So we find Cezanne sharing a wall with Klee and Richard Hamilton.  Henry Moore’s brilliant London blitz drawings are paired for some reason that escapes me with contemporary artist Matthew Monahan, while a Moore sculpture shares a space with works by Francis Bacon, Jacob Beuys and Andy Warhol.  The poster advertising the exhibition features anatomical drawings by William Orpen that were really designed as teaching aids for art students, while the show gets its name from Jasper Johns’ ‘Tracing’, part of a series in which Johns literally traced art works by Cezanne and others  leading one art critic to write that, ‘any art student ought to know that a tracing of a painting isn’t a response or an interpretation’.

The exhibition got a fairly savage review in the Independent:
There seems to be a vogue among curators at the various Tates for trying to force connections between palpably unconnected works or genres. Maybe it’s a leftover from the whole Dream/Future/Multistorey Car Park thing at the pre-new-hang Tate Modern.  Anyway, it’s time to stop.  Like a provincial restaurant, Tracing the Century‘s menu talks the talk but doesn’t dish up the goods. It starts from the unsurprising premise that drawing was a catalyst for change in the art of the past 100 years, which is certainly true, although it was also true for the century before that and pretty well every century since the caves at Lascaux. […] Irritatingly, Tracing the Century manages to be both arbitrary and over-organised at the same time – rambling vaguely from room to room while stopping to suggest implausible connections between unlike artists.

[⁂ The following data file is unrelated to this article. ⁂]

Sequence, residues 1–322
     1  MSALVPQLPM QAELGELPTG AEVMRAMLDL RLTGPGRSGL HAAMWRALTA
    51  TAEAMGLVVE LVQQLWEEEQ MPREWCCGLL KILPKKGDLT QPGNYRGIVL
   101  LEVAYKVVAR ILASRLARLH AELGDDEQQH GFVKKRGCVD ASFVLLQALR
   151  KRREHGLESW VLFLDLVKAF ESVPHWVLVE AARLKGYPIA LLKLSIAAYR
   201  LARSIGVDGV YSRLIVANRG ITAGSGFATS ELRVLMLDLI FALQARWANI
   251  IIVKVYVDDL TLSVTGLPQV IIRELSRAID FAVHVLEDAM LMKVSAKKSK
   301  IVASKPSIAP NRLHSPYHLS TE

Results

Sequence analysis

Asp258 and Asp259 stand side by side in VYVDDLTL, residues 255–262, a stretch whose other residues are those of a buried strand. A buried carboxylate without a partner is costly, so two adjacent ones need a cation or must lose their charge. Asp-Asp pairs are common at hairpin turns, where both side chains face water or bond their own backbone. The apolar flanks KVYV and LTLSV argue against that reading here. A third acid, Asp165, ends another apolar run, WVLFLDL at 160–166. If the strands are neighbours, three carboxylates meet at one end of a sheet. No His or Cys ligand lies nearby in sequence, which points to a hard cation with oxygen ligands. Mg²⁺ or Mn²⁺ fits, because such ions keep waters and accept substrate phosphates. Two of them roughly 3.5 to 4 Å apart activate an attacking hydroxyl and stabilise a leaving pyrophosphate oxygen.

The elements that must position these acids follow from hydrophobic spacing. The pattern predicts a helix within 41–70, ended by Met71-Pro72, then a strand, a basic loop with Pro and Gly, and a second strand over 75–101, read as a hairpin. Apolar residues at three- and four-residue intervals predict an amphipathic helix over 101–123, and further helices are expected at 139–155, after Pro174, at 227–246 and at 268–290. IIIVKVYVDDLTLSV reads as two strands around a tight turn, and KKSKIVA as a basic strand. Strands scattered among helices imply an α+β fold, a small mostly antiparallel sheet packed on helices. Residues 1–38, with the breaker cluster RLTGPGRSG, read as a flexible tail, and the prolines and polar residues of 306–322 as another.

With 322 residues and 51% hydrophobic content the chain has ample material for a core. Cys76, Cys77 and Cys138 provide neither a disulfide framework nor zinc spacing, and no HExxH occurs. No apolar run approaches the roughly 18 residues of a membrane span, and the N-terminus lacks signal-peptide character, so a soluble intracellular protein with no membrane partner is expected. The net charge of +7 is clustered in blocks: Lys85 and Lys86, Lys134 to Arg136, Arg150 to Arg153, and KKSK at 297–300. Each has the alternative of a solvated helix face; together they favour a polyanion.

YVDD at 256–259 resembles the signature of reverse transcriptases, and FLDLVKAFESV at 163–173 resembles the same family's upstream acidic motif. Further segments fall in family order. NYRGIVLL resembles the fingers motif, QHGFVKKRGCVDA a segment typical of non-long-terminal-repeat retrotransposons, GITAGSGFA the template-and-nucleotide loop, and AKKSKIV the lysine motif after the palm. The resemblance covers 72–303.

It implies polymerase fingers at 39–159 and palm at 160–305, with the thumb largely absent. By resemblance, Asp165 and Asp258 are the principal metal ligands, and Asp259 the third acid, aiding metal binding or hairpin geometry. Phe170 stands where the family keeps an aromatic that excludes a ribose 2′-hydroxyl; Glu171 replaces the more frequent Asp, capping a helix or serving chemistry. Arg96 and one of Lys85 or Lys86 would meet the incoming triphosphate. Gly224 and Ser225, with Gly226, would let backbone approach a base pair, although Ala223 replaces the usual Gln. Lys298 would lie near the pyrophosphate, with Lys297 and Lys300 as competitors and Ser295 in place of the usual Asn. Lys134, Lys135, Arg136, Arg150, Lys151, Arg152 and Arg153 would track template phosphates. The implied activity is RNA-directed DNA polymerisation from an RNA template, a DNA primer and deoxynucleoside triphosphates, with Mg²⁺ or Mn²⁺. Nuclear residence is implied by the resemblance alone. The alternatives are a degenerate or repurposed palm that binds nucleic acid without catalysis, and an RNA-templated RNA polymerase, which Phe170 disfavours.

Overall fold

However, this is a big show, bringing together around a hundred artworks from the Tate collection, so you’d expect there to be some good stuff.  I quickly decided to just focus on the works that spoke to me – and there were many – and forget about trying to grapple with the curators’ argument.